Does your firm have a policy regarding maternity and/or parental leave? If there is no written policy, check what’s happened in the past when other lawyers have gone on leave. This will inform your negotiations.
Are you the first person at your firm to go on leave? Do some research about how other firms are responding to lawyers going on leave.
Topics for consideration:
- Will your employer “top up” your earnings to pay you the difference between your usual salary and what you will receive on Employment Insurance (EI)?
- Will your employer maintain you on the health plan and/or continue making any annual contributions to RRSPs, pension or other retirement planning vehicles during your absence?
- How will taking leave affect your billable target?
- How will taking leave affect your ability to achieve partnership?
- Under what circumstances will you be required to repay your top-up?
The attached Model Policy was formulated after a thorough review of policies from various jurisdictions within Canada, including other law societies and Bar associations, and existing policies of Nova Scotia law firms, corporations and government agencies. This review disclosed that in some cases firms simply provide unpaid periods of leave, while in other cases firms supplement the paid benefits that are applicable under the appropriate federal legislation. The Gender Equity Committee recognizes it will be up to the individual employer to determine, based on its particular needs and circumstances, the benefits it will extend to its lawyers. The Committee has developed the attached policy with a view to it serving as the recommended model for Nova Scotia law firms and other employers of lawyers in Nova Scotia.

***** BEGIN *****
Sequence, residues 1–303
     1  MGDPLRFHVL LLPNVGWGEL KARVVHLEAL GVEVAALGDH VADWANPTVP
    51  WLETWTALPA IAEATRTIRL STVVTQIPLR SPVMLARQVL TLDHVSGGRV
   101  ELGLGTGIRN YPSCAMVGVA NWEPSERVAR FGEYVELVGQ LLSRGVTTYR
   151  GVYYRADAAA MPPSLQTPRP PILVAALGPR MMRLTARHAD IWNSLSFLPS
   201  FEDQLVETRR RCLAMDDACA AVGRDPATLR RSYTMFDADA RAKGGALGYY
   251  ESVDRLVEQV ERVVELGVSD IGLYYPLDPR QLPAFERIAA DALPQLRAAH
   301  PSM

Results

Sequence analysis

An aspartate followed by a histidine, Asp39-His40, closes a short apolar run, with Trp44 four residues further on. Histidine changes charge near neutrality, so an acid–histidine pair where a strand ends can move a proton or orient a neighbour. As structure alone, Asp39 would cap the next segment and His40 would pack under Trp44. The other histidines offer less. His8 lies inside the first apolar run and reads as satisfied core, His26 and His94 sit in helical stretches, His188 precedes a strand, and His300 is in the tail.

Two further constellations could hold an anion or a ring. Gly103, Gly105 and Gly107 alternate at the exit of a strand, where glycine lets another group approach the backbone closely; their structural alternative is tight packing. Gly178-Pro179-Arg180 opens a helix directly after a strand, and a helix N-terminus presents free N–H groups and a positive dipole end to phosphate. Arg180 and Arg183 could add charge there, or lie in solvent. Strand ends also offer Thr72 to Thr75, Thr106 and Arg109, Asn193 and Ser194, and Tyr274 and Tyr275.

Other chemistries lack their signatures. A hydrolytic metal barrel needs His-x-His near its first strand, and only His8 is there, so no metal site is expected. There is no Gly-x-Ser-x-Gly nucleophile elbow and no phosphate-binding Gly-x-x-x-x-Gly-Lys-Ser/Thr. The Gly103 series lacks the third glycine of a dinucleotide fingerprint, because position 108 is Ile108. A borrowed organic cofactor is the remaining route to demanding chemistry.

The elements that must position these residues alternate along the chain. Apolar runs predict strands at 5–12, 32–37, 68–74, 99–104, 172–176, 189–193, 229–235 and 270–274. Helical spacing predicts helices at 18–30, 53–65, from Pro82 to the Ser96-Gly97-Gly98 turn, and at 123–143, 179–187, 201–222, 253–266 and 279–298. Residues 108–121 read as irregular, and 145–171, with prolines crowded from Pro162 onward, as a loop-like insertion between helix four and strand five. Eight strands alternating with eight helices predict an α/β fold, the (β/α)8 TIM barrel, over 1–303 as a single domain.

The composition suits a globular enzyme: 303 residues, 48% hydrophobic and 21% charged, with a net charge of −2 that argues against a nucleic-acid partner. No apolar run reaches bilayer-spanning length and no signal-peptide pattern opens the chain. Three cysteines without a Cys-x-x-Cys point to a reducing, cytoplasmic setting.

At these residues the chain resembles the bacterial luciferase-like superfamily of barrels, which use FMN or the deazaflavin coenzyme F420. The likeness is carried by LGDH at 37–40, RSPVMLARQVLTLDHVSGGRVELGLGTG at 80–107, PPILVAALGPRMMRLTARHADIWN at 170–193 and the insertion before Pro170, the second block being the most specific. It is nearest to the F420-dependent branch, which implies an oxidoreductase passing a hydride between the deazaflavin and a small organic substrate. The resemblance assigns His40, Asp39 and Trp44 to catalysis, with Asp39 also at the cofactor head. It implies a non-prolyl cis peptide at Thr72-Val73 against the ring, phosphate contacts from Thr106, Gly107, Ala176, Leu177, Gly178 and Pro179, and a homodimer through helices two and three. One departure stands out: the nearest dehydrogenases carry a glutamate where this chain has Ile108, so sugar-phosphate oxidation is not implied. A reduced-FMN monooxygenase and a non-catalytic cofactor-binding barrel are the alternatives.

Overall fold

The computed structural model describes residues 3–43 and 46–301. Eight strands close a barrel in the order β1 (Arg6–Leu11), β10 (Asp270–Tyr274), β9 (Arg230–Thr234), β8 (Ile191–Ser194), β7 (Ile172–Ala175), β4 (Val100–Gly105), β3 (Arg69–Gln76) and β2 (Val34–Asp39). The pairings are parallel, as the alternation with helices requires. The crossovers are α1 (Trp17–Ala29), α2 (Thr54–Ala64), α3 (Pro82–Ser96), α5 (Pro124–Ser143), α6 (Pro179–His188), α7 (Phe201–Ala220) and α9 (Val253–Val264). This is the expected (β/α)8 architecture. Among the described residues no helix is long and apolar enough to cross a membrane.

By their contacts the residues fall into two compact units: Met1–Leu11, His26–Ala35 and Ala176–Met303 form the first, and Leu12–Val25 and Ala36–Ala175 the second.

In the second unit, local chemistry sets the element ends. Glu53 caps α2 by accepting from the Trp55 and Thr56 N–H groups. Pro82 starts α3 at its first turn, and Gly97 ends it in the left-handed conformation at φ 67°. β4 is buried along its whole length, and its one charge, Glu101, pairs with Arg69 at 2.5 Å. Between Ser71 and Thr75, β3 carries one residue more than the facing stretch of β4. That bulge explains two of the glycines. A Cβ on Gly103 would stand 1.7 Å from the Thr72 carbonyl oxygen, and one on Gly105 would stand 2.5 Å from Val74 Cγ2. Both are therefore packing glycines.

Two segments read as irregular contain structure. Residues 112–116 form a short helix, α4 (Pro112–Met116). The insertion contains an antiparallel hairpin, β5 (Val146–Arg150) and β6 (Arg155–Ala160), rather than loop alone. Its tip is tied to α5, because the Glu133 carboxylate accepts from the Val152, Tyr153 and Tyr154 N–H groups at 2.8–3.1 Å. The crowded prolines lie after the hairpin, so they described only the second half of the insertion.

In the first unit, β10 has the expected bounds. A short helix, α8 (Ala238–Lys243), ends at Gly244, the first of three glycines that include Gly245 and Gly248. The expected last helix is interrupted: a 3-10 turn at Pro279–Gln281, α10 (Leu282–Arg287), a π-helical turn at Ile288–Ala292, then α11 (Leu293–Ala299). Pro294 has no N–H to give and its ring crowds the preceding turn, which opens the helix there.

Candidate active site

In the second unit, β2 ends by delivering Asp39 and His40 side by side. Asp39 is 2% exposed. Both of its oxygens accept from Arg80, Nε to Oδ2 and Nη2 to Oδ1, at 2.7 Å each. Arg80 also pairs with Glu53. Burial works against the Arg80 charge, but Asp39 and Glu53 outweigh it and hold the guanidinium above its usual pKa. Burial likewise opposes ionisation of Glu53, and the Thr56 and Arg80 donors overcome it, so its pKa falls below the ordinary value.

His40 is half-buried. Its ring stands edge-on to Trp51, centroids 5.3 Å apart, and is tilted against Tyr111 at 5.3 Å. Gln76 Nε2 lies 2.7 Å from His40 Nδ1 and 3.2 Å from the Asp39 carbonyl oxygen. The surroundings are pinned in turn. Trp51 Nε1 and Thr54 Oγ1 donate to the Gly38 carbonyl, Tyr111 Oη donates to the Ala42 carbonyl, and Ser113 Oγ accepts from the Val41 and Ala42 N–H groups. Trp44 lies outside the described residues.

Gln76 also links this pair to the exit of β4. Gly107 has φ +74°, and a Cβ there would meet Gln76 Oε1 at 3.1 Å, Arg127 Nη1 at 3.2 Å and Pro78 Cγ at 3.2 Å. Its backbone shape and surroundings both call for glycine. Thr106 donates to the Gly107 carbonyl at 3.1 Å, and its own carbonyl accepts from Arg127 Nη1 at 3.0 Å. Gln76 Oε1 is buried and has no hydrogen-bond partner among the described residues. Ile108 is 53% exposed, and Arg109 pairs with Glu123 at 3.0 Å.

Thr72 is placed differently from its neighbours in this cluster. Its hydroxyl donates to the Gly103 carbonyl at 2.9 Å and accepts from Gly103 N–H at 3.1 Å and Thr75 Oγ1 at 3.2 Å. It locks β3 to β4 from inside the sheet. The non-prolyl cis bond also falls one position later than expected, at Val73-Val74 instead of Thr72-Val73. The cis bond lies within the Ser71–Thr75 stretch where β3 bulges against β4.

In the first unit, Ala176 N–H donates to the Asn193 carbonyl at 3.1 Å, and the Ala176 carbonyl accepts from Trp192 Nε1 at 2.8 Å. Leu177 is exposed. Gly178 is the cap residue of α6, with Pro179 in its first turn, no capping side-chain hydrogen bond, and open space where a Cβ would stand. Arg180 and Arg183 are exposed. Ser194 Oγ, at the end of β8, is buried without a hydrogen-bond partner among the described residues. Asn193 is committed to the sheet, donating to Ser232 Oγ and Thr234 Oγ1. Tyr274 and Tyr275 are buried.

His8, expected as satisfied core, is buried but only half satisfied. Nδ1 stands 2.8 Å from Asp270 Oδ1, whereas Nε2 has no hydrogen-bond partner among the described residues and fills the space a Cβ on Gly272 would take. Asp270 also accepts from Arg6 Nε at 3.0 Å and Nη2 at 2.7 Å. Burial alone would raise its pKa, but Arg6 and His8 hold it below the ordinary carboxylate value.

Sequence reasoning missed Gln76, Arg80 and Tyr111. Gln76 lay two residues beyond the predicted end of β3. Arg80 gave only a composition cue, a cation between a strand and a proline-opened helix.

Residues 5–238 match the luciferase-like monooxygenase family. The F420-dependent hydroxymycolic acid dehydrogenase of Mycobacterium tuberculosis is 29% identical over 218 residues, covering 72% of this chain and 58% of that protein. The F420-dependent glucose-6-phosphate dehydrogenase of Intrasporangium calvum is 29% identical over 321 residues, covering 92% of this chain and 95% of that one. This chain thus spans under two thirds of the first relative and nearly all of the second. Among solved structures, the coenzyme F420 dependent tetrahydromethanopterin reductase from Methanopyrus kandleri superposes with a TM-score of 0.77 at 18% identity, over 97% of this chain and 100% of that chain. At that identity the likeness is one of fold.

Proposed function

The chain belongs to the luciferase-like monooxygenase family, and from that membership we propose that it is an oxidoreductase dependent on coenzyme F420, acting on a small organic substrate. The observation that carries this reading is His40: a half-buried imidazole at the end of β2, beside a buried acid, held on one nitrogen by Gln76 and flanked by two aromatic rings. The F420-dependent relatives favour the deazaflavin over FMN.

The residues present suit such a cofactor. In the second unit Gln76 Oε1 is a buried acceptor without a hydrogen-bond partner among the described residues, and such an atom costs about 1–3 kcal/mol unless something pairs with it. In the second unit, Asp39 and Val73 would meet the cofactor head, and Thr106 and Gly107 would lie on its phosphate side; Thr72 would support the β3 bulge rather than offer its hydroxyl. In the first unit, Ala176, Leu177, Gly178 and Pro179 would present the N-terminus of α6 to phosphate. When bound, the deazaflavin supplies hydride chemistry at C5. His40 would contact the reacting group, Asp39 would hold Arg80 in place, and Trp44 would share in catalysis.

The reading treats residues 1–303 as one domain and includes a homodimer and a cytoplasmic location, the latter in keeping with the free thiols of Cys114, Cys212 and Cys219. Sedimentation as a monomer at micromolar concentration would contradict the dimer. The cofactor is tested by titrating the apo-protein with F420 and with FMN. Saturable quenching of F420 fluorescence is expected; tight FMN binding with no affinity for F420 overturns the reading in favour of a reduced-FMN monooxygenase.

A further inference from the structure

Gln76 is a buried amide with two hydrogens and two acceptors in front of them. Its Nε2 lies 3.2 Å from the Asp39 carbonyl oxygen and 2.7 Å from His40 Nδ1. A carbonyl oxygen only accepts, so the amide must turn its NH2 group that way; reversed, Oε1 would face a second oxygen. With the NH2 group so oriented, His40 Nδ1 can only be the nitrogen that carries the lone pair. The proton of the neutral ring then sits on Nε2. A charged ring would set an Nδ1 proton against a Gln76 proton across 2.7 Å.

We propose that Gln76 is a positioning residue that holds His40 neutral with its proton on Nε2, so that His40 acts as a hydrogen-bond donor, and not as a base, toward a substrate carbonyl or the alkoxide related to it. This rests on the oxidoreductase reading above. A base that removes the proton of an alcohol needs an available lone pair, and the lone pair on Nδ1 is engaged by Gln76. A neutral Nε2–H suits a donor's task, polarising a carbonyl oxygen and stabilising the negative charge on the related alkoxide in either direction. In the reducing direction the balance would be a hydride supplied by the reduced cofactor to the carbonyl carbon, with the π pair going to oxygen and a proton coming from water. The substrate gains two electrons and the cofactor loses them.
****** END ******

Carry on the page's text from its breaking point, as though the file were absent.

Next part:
Tips from an NSBS Member:
“If you are getting topped up, make sure they take enough income tax off because you are also receiving EI benefits at the same time. You don’t want to have to pay back a big amount come income tax time if they didn’t take enough.”